Gygax took a bit of a curmudgeonly attitude; he felt that players that went against the team spirit of the game should meet a swift death deserving of their selfishness, and that eventually enough appropriate ends would convince them of the error of their ways. It is not a dissimilar method. Class-based gameplay means that the gap of skill can be overcome with appropriate class synergy; in other words, teamwork.

Teamwork is extremely important to any team based game, or team based anything for that matter. What class accomplishes for game design goes beyond just letting players focus on their strengths. It encourages, even forces players to complement each other.

[Andrew Vanden Bossche is a freelance writer and student. He has a blog called Mammon Machine, which discusses videogames for the most part, and can be reached at AndrewVandenB@gmail.com]


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Comments


Ryan Filsinger
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Would have liked to see you explore more of the evolution of the class system seen in games like Battlefield 1943, Tribes, Team Fortress 1, etc.

Glenn Storm
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What a great analysis and comparison between the use of class today to the original structure in D&D. One thing I'm happy to see is the ability to switch class in TF2, as you mention briefly, to encourage higher level problem solving by the player: match your class to the current needs of your team. This is something you couldn't do in D&D without dying and re-rolling. While it may discourage a level of hardship and difficulty (which I assert may not be a bad thing, particularly in adventure games), that dynamic adds an interesting strategy layer to an otherwise twitchy action game. Thanks, Andrew!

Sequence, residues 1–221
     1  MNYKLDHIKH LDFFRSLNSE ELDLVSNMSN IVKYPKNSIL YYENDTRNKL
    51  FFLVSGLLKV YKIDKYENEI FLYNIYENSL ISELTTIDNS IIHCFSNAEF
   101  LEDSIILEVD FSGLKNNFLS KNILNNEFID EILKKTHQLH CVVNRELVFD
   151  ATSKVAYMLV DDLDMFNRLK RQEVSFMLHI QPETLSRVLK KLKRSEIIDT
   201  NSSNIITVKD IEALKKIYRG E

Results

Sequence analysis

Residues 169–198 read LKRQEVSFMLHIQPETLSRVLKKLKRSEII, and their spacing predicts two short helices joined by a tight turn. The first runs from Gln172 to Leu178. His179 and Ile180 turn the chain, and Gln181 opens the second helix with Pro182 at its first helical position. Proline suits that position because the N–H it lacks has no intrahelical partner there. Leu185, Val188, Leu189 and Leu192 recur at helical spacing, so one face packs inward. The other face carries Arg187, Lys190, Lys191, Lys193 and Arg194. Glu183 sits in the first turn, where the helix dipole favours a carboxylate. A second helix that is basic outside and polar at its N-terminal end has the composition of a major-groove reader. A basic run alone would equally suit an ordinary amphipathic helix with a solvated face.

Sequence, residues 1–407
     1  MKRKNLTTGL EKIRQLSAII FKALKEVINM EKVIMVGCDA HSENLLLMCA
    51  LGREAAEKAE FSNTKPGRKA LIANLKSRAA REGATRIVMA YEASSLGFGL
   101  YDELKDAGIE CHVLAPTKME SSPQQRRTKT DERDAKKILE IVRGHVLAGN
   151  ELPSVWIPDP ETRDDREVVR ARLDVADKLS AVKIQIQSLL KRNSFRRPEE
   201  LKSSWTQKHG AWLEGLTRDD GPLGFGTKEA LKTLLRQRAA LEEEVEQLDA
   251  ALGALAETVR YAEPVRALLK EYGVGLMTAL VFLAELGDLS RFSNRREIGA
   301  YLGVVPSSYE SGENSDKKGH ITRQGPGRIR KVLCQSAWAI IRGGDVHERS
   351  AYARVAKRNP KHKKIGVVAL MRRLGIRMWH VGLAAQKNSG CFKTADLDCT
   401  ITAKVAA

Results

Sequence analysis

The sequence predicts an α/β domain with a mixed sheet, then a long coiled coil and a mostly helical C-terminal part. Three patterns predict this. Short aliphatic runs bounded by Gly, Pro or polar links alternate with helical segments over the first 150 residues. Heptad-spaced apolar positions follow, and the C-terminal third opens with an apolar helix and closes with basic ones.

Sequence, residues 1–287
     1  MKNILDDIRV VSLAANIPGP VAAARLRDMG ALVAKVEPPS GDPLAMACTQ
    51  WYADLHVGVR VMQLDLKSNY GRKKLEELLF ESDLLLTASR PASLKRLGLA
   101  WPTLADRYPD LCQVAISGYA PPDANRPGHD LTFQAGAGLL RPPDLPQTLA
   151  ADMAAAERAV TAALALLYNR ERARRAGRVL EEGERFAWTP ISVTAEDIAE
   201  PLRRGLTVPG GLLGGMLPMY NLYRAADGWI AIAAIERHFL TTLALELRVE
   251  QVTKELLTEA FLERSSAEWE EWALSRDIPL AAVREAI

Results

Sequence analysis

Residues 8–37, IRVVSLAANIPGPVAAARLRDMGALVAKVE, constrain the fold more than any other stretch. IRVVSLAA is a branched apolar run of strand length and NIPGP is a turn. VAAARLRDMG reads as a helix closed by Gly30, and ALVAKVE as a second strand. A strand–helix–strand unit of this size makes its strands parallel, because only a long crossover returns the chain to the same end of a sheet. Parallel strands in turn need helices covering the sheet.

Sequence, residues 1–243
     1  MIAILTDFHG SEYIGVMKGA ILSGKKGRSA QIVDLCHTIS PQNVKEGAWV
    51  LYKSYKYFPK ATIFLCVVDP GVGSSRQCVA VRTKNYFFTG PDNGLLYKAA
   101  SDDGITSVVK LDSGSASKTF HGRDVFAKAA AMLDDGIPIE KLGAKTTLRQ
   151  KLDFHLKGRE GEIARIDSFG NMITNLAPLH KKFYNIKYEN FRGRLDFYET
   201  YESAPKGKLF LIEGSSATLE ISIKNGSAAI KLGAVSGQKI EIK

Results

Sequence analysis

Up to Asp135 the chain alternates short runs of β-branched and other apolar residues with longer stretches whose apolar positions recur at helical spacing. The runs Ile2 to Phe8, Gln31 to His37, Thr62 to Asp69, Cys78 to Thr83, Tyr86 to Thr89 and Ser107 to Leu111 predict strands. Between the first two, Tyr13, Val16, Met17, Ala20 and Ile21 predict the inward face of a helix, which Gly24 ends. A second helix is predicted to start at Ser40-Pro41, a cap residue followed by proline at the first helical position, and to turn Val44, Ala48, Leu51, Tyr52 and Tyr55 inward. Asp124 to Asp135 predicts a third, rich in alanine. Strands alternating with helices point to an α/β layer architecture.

Luis Guimaraes
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First time I though deeply into the use of classes in multiplayer video games was when I first saw AVP2, really, if there's something about classes, AVP is it. The other game I enjoyed class playing was BF:Heroes, using the Commando class. I'm not the sniper kinda in any game, but as it's also the stealth one, I enjoyed it a lot.



Some other games I'd recomend for anybody designing a class-based game are Mickey III, Donkey Kong Country (any of them) and Metal Warriors, all for SNES. I can't remember others right now.



I also liked the mention to UT, the real point I most like in the game are how its weapons and different and balanced. Mostly FPSs are just hitscan, with exceptions like Counter Strike.

Jesse Tucker